The Canucks were very good until the first Canes goal. Then they were very bad. And then the Canes were terrible from 7 seconds before Horvat's goal to the end of the game, which is why the Canucks got a point. They won because of a perfectly played rush with a perfect finish aided by a nice no-call trip by Daniel Sedin on Jeff Skinner (whose wide-eyed 1 against 3 play deserved nothing less). 3 on 3 needs good individual play, and they got that from Sutter's rush and Hutton's hustle to make it a 2 on 1.
The two turnovers that led to the first two goals were absolutely brutal and were more of a function of a Canes meltdown than the Super-Canucks. One (the Granlund goal) was a total unforced error (but capitalized well), the other (Horvat's) was under pressure that an NHLer should be able to handle (and frankly, Lack should have stopped). Still, it was good to see the team take advantage of another teams errors.
Don't mistake my credit to the Canes as losing this more than the Canucks winning it as disregarding the effort the Canucks gave for about 40 minutes last night. There were times they were playing well, and the forecheck seems improved. I don't think that this team is talented enough to win with a 40 minute effort unless they are playing a team with as many warts as the Canucks, and the Canes are that (and then some). But for this team to make the playoffs, they have to win games they shouldn't win (the Canucks didn't do this too much last year after the first month) and they have to win games where the other team is not playing well. Sometimes teams play poorly; sometimes the opposing team makes them play poorly. Last season, the Canucks neither capitalized on errors nor created many. In these first two games, game one they created errors with solid play and then couldn't capitalize and in game two they capitalized on the Canes self-inflicted errors.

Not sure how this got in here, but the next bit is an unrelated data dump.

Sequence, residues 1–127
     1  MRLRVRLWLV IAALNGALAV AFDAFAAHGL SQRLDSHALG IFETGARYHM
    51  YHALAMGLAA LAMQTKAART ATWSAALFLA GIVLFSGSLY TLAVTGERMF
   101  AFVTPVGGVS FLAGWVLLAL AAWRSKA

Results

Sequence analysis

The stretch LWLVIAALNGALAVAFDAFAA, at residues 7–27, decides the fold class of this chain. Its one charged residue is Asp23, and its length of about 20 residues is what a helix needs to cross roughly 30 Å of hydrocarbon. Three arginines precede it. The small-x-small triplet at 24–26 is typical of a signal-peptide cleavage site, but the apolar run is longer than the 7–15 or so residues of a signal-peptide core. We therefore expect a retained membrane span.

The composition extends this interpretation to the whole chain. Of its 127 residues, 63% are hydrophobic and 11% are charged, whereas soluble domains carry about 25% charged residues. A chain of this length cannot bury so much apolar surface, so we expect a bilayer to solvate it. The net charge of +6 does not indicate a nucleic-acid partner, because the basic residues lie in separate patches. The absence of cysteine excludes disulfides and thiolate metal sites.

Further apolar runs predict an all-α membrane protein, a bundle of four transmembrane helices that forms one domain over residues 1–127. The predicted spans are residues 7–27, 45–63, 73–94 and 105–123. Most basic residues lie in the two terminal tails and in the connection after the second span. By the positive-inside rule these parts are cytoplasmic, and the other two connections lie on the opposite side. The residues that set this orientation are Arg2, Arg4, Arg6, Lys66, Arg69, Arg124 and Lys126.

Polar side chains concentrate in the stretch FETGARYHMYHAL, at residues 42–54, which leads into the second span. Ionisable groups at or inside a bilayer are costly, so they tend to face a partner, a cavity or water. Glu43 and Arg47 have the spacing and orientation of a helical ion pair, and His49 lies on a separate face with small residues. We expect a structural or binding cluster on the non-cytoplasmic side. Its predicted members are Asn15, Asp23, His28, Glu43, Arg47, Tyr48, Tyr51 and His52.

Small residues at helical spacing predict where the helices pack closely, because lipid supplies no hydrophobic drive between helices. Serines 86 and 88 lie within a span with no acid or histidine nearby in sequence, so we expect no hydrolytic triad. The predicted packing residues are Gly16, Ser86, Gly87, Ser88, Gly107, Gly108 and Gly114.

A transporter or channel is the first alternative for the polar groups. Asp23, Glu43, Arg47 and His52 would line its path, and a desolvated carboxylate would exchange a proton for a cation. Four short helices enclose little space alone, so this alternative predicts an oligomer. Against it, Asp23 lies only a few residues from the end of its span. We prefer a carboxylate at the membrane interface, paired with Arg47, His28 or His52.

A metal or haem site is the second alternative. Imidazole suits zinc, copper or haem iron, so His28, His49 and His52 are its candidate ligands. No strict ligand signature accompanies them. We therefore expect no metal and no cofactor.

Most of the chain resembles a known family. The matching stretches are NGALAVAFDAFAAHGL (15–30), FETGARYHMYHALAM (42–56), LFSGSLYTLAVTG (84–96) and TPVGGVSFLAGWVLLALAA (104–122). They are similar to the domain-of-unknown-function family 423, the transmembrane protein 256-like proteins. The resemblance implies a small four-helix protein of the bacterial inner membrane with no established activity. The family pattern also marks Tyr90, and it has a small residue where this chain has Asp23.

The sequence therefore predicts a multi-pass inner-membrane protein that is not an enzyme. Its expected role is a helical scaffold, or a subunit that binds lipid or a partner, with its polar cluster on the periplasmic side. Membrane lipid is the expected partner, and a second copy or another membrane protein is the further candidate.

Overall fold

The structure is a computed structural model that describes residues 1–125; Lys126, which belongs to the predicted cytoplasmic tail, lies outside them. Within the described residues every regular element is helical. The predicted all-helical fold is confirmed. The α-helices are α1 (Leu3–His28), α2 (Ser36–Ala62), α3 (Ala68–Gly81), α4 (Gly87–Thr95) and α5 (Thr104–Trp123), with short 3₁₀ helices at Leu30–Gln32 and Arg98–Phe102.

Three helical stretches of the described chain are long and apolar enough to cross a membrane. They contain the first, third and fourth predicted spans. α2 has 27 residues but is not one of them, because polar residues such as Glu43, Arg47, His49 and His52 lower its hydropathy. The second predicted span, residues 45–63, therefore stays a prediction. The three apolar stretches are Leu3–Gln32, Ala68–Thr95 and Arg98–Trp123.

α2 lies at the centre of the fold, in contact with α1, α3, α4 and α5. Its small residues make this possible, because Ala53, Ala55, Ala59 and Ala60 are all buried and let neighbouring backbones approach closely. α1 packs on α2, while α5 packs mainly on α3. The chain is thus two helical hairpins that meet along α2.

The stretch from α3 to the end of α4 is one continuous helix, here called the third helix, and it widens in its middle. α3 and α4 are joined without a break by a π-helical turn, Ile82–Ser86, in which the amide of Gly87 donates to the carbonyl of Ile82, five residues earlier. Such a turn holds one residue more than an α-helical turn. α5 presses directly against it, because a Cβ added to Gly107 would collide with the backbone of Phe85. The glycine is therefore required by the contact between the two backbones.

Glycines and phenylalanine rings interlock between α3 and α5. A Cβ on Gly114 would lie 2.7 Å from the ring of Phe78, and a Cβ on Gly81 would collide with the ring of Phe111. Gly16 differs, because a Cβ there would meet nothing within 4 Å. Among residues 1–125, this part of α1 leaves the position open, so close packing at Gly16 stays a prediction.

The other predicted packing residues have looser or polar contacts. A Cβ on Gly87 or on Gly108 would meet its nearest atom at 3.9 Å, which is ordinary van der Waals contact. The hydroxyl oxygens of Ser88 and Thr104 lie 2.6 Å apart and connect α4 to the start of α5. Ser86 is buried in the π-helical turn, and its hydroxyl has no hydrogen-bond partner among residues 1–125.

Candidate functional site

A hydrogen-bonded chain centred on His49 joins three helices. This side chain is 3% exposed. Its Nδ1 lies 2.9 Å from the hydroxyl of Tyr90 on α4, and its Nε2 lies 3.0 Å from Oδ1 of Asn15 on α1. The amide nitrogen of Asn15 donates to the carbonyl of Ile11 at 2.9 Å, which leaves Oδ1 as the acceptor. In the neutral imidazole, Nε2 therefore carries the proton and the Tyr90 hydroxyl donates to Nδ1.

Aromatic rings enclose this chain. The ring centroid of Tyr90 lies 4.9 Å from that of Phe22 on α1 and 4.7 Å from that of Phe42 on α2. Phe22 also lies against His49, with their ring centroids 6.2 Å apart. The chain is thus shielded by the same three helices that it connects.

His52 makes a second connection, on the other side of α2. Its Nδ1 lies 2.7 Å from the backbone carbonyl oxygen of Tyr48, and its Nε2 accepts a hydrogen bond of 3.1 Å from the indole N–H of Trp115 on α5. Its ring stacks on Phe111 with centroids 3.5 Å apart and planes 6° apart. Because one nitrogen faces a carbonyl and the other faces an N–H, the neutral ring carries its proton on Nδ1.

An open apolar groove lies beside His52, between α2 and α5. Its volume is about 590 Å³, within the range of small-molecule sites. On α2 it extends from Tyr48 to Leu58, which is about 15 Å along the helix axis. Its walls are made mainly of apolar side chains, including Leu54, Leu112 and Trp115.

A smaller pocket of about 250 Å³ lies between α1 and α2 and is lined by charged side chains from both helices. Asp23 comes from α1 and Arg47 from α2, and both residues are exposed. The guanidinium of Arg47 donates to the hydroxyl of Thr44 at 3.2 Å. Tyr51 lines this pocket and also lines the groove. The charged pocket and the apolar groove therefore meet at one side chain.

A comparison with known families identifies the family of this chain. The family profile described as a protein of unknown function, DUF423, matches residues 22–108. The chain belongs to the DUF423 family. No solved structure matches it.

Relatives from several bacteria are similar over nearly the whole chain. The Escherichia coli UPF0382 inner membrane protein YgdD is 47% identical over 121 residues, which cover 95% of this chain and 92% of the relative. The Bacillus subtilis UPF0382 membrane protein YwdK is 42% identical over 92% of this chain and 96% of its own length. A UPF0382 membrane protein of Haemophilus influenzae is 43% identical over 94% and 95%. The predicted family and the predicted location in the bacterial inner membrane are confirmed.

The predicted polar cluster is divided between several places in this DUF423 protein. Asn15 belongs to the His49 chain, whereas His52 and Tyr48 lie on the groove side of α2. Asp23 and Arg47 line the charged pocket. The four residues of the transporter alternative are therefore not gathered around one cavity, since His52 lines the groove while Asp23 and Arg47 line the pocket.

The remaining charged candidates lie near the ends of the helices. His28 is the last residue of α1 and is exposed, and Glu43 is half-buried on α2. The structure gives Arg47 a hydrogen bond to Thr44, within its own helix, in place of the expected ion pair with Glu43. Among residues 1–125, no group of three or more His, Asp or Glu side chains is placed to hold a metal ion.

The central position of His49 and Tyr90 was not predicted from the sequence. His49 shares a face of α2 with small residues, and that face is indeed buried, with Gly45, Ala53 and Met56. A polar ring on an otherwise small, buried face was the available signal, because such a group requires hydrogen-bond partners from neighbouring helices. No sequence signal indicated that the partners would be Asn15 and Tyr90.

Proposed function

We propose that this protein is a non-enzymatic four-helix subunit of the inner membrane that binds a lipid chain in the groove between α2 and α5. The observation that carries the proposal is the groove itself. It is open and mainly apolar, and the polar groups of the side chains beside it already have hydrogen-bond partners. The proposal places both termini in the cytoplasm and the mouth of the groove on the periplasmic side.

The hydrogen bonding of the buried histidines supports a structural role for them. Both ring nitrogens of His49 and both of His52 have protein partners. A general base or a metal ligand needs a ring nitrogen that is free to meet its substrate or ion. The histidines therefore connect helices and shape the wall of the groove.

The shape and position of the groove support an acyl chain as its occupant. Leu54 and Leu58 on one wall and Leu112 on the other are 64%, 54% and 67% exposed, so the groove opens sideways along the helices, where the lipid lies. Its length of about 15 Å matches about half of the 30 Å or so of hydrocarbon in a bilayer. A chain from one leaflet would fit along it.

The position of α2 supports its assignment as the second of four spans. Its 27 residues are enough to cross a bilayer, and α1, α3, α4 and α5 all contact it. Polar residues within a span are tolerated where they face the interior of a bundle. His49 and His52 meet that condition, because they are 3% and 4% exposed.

The other things the Canucks have to do is get cheap points from the shoot out and overtime. 2 for 2 in that category so far, and 4 points in two games feels a lot different than 2 points in 2 games. It is a really small sample size, but don't discount the psychological effect winning can have on a young club.
The good. Granlund, Hansen, and Sutter. If players with speed who can counter attack are doing well in today's NHL, this is the only Canuck group that can do this consistently. They were dangerous last night and Granlund looks far more confident.
Also good was that when the team got down, Hutton, Edler, and Larsen all took turns pushing the play. For a team that used to get a respectable amount of offense from the blue line, it was good to see all of them have some success in the transition and pinching game when the team needed to take more risks.
The steady. Gudbrandson is as advertised and brings a pretty good stick (remember Sami Salo) to the defensive zone. While he might have been the most valuable player in game 1, in many respects, this was a quieter game and one that if he can play game in and game out, will mean the Canucks blue line is a step up on last year's (admittedly injury riddled) corps.
The bad Markstrom might have qualified given that he was neither good positionally nor was he picking up the puck (leading to fat rebounds), but I give him credit for stopping the bleeding. For the bad, I am going to pick on Gaunce. He was more noticeable than against the Flames, but only because he failed so obviously instead of never playing well enough to be in the game. He was weak on the puck, wasn't able to control the puck and maintain his speed, and blew some tires. He doesn't have a lot of NHL games under his belt, so there is a lot that could develop with experience and age. But he has to find some way to contribute or he is going to spend his career as a tweener.